The founders of the new American colonies were completely convinced that individual learning was the way to self‐improvement of all forms. That faith in individual learning was most intense among the Puritans of New England and was a direct result of their passionate religious faith. The Puritans knew from their experience that control of education was the foundation of the church bureaucracy’s tyranny over individual hearts and minds. They believed that each individual must be able to read the Bible in his native language so that the bureaucratic experts of the church could not assert themselves as the powerful intermediaries between Christians and their omnipotent God as revealed in ancient tongues read only by the bureaucrats. They knew that real learning–individual knowledge and thought free of the church’s control–was the first prerequisite of freedom from the tyranny of bureaucracy.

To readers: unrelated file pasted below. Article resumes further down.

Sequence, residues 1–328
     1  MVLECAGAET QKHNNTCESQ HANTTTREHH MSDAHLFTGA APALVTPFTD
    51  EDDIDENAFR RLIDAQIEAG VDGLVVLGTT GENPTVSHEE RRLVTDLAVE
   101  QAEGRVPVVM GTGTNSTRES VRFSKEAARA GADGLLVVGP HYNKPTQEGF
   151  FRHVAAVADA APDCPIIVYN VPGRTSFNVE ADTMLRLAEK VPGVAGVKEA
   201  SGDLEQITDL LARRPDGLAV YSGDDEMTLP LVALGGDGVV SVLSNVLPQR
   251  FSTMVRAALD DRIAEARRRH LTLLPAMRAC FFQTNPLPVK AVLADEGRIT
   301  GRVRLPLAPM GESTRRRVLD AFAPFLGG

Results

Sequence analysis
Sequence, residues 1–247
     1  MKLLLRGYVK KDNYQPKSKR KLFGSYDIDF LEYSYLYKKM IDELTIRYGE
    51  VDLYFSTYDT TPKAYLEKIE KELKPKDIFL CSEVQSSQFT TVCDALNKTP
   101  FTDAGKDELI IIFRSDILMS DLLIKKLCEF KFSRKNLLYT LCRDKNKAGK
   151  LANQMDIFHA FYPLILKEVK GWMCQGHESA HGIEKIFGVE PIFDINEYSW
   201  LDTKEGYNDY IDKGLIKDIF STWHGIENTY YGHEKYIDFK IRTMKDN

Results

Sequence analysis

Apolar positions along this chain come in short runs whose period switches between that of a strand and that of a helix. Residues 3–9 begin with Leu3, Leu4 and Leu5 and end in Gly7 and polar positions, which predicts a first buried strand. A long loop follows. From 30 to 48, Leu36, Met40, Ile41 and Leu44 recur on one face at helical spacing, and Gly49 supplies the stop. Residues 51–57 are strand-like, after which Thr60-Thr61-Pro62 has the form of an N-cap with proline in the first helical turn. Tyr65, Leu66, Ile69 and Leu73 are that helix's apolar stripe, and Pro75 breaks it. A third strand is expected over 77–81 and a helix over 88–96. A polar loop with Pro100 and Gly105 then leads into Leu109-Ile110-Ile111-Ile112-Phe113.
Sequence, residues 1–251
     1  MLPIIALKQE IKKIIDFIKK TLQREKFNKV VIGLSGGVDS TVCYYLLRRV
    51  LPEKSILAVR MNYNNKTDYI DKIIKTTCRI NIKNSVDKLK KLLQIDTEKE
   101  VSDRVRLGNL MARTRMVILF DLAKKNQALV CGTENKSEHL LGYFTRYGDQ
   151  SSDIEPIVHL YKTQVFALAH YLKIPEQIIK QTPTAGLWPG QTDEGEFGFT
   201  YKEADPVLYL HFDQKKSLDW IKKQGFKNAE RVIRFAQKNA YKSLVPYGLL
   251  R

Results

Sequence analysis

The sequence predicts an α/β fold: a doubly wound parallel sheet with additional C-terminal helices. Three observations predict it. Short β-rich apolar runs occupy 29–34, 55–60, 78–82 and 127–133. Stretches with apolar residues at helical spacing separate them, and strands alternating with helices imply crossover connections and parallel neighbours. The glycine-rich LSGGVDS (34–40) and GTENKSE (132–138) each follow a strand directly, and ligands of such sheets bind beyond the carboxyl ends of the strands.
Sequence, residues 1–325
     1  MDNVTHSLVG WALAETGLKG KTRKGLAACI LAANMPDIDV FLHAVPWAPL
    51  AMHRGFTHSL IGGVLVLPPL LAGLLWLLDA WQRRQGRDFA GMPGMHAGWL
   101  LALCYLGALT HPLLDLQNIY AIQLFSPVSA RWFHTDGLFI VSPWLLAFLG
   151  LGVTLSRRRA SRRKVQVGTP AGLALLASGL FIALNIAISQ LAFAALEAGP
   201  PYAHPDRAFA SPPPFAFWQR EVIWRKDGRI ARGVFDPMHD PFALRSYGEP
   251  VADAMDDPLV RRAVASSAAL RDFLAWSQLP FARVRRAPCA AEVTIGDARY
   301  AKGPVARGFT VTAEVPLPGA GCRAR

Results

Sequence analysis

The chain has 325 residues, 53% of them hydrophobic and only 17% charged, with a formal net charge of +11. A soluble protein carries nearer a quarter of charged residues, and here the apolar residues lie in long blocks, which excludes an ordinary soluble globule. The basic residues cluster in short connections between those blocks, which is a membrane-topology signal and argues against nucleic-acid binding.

As soon as they had overcome their immediate anxieties about starvation and disease, those devotees of individual education founded what is now Harvard College (in 1636) to ensure a steady supply of educated young men for their growing colony. By the time of the Revolution, that devotion to education had supplied the American people with a remarkable community of scholars and scientists who led them in creating “The First New Nation.” The Founding Fathers of our constitutional democracy were probably the most brilliant, creative, and knowledgeable group of leaders in human history. They certainly vastly surpassed the politicians who now press upon us a miasma of bureaucratic solutions to our education crisis.